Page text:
Cities in Flight is an omnibus, first published in 1970, that collects together four novels by James Blish. Those novels themselves were collections of stories that Blish had published between 1950 and 1962.
I initially read Cities in Flight in paperback sometime during the 1970s when I was in my 20s. Now, some four decades later, I’ve re-read a hardcover version of the book, published in 2000.
Of the two books as objects, I much prefer the cover art of the paperback in which each letter of the two main words of the title is a kind of city in flight. The dustjacket of the hardcover suggests an eerie strangeness.
That’s mainly because what intrigued me then about the novel and still intrigues me is the idea of whole cities lifting off from Earth and wandering space like migrant workers or, as they call themselves, Okies.
As a newspaper reporter in the 1970s, I was covering a bunch of Chicago suburbs, each of which had a mayor and some sort of city manager, and, in the final three of the novel’s four sections, the central characters are the mayor and the city manager of the space-travelling New York City.
I’m sure that was part of the reason I read the long novel.
Strange but not eerie
The dustjacket of the hardcover is right to indicate the strangeness of Blish’s story, but it’s a story that isn’t very eerie.
Rather, it’s deeply rooted in science, philosophy, logic and speculation. Any reader who wades into the novel wades into hard science and theory that were way beyond me in the 1970s and remain so today. Several of the pages, indeed, feature formulas, such as this one:
In addition, there is paragraph after paragraph in some sections that were and are gobbledygook to me, such as this portion of one:
“Dr. Bonner calls it the Viconian Hypothesis, or cosmological principle: that from any point in space or time the universe would look the same as it would from any other point, and that therefore no total accounting of the stresses acting at that point is possible unless one assume that all the rest of the universe is to be taken into account.”
I have absolutely no idea what’s being said here. When I’d get to those spots during this re-reading, I’d just skim ahead, trying to get some hint of the gist of the words, and begin reading again once I got to some English I could understand. I’m sure the same was true of the much younger me.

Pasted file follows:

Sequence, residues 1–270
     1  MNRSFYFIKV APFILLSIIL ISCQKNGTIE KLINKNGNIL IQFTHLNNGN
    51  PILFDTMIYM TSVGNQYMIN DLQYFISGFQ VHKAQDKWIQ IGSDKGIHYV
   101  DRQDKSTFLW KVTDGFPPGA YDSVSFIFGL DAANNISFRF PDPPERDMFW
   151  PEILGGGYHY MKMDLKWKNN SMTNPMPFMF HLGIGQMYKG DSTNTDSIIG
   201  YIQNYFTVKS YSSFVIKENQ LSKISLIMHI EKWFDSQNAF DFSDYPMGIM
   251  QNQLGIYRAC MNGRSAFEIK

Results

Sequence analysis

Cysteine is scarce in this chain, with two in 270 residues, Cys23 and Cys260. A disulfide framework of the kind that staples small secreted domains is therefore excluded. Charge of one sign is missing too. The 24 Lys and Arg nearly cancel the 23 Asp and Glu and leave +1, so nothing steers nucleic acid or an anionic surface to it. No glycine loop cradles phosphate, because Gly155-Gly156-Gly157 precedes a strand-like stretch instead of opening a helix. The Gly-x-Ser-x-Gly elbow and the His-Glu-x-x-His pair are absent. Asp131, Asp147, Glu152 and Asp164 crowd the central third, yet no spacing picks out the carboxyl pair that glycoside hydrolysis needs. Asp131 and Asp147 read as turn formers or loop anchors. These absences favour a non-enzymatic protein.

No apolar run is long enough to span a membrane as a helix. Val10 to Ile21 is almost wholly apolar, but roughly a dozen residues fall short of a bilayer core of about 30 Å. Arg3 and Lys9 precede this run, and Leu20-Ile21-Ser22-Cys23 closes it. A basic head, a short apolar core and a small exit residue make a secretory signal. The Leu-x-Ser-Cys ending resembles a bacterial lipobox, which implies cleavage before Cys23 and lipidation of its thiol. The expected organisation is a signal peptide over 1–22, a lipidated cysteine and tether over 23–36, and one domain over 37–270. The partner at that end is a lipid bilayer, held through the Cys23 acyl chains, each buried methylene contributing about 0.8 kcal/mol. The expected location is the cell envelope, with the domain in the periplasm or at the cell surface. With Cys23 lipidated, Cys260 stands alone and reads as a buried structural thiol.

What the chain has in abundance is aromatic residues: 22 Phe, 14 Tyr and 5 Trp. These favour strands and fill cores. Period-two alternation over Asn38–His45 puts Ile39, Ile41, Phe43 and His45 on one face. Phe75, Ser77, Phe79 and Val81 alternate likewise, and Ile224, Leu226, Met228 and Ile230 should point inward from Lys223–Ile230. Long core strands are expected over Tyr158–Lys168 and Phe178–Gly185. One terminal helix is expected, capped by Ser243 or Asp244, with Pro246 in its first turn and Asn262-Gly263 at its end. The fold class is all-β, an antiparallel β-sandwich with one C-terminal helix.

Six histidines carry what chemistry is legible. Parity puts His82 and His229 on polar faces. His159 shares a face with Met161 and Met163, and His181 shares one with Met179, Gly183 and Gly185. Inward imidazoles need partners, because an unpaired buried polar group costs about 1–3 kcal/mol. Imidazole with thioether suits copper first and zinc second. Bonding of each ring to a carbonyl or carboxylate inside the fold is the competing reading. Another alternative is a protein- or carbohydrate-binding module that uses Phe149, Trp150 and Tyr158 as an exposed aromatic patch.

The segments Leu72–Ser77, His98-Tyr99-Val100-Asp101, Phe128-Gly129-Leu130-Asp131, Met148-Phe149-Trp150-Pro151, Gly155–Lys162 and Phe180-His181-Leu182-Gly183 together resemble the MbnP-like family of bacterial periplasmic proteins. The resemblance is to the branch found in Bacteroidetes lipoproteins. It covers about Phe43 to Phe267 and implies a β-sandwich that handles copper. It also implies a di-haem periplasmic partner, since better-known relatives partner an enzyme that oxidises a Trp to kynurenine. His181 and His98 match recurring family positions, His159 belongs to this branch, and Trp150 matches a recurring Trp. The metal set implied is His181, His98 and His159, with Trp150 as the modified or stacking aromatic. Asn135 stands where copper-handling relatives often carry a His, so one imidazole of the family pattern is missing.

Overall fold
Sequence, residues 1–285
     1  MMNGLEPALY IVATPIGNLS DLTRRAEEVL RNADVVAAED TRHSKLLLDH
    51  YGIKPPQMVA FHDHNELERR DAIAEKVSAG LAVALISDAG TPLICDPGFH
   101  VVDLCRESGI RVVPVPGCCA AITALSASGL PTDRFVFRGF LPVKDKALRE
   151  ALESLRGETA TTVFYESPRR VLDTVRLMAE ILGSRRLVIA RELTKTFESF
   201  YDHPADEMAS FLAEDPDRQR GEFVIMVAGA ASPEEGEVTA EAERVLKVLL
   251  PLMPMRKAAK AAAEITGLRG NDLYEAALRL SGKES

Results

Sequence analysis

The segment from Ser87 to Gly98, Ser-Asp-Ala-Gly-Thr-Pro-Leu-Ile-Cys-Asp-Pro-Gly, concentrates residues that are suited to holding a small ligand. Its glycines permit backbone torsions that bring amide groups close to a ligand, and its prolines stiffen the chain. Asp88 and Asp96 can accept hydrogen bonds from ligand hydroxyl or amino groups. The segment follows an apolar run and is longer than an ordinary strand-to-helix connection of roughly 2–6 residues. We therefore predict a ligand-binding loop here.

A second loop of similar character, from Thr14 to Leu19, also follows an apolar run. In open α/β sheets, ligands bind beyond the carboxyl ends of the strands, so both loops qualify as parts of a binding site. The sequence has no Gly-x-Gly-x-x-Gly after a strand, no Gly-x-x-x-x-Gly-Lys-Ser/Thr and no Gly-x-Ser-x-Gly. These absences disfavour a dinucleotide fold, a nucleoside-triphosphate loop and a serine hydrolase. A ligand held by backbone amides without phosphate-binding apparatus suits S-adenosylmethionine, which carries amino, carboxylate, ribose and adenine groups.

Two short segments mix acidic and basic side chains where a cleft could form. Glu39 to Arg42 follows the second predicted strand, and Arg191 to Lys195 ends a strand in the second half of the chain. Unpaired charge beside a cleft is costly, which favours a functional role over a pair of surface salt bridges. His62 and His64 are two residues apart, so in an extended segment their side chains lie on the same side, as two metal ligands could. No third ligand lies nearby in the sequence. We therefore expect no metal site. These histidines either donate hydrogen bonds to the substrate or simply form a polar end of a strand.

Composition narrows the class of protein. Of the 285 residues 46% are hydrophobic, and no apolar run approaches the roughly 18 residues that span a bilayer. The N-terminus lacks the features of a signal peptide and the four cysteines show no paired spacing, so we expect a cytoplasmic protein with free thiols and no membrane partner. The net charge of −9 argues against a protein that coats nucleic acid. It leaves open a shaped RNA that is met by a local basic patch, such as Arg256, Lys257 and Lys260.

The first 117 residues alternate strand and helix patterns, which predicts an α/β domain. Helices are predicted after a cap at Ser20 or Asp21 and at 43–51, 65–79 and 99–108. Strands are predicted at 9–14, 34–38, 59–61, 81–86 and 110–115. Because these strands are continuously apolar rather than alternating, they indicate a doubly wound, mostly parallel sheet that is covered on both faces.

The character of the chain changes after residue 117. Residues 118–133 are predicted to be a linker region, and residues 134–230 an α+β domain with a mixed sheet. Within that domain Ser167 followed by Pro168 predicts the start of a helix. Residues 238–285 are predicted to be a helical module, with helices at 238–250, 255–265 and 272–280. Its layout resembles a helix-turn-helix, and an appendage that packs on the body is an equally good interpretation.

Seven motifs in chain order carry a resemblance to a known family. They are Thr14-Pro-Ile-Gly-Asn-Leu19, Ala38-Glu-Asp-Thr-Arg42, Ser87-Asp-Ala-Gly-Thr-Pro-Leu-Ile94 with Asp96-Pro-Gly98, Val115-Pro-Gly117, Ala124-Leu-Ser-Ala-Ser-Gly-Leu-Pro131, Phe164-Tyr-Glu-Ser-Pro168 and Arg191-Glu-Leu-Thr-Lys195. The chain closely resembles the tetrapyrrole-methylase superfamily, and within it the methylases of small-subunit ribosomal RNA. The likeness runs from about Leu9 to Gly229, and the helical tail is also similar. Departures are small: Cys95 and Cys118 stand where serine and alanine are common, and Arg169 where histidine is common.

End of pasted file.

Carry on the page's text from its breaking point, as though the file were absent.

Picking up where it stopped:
Cities as spaceships, of course, was an unusual plot point. Even more interesting, though, for me then and now, was the reason the cities were able to fly. Well, there were two reasons — one, a hardware thing called a spindizzy which somehow transmuted gravity into blinding speed (or something), and two, anti-aging drugs that permitted the city citizens to live through the long, long, long interstellar journeys.
It was the later that caught my attention — drugs that, while they couldn’t keep you from dying from an accident, could essentially regenerate your body so that your flesh, blood and bones didn’t wear down.
As a 20-something, I’m sure I thought that was peachy keen.
As a 60-something, I’m not so sure.
The final two sections take up two-thirds of the novel, and the main characters in those sections live for many hundreds of years.
It’s clear that Blish thinks this is a wonderful state of affairs. Without the specter of death, life for his characters is an endless series of challenges that they face and conquer.
I wonder. I’d get bored.
Don’t get me wrong. I’m not bored with life.
For me, what gives life its tang is the realization that it’s close-ended. It only lasts so long, and then it’s over.
The approach of my death means that every day I have is precious and richly interesting and beautiful and a treasure.
If I knew I could live for century upon century with nothing, except an accident, to keep me from living on and on, would life lose its savor?
(And, by the way, wouldn’t I be hyper-aware of the danger of accident and live in fear of making a false step? This is a question that Blish doesn’t deal with.)
Across the decades
At the novel’s end, every being in the universe has to face the approach of death.
A few of Blish’s characters find a way to go on living — in a manner of speaking — anyway.
It’s a reverse of the Biblical story of creation. Or maybe it’s just a re-telling.
Despite all the formulas and despite my wondering about the boredom that Blish doesn’t confront, I found Cities in Flight well worth re-reading.
Blish works hard to confront important questions, and I enjoyed that.
I also enjoyed reaching across the decades to that 20-something me.
Patrick T. Reardon